A decade of change can occur in a couple of weeks.
Extreme volatility will create risk and opportunities.
A study of human behavior by connecting the dots with data and information will be critical in creating strategic opportunities.
Following a process by being agile, while resilient, will be a foundation of success in business and personal households.
Return on relationships, whether it is on an international, national, regional, or local level, will be as important as return on investment. With that being said, trust in any relationship, once violated, negates the relationship.
Globalization and de-globalization have a historical pattern as summarized. Timing and the degree of change will need to be carefully examined in both business and financial strategies as the globalization and deglobalization cycles ebb and flow. Just like the ocean, there is no way for businesses or nations to change the tides, but they can use shifting currents as opportunities – if they are ready and plan to seize on opportunities when they arise.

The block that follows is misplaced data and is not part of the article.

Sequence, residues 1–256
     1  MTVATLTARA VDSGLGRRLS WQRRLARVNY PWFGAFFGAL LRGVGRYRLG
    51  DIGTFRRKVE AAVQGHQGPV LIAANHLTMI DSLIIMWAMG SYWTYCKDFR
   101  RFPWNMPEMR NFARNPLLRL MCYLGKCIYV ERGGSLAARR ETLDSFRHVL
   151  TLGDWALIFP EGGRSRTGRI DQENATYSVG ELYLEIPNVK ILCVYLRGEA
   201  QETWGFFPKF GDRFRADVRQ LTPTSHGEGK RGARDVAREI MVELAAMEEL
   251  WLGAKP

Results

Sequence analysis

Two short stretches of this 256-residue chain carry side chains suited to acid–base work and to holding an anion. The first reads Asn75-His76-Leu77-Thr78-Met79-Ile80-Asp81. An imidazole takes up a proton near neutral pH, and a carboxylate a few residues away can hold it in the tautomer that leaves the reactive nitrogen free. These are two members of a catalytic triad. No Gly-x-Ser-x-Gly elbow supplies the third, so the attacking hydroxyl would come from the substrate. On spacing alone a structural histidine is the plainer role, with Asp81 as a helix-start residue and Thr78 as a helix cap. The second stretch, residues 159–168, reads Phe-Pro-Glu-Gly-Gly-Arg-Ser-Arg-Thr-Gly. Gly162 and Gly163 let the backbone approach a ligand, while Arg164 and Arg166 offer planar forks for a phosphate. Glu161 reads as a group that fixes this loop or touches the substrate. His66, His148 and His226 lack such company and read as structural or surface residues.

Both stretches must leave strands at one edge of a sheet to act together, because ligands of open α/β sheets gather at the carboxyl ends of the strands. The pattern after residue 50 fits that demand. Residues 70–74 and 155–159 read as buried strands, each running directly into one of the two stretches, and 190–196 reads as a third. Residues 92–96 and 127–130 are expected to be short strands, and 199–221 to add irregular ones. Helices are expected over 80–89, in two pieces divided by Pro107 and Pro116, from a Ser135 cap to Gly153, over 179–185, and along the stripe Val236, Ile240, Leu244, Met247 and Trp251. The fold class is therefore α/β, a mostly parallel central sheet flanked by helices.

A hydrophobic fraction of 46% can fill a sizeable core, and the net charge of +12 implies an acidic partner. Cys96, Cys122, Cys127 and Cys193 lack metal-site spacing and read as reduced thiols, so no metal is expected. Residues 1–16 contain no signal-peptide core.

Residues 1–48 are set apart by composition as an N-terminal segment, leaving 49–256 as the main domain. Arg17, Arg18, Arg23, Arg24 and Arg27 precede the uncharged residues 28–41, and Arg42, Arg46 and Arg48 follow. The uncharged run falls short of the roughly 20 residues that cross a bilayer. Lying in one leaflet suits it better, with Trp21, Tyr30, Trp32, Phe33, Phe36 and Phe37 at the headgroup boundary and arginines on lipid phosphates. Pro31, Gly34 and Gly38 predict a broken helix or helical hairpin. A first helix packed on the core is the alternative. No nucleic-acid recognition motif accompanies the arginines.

Dr. Kohl is Professor Emeritus of Agricultural Finance and Small Business Management and Entrepreneurship in the Department of Agricultural and Applied Economics at Virginia Polytechnic Institute and State University. Dr. Kohl has traveled over 8 million miles throughout his professional career and has conducted more than 6,000 workshops and seminars for agricultural groups such as bankers, Farm Credit, FSA and regulators, as well as producer and agribusiness groups. He has published four books and over 1,300 articles on financial and business-related topics in journals, extension and other popular publications.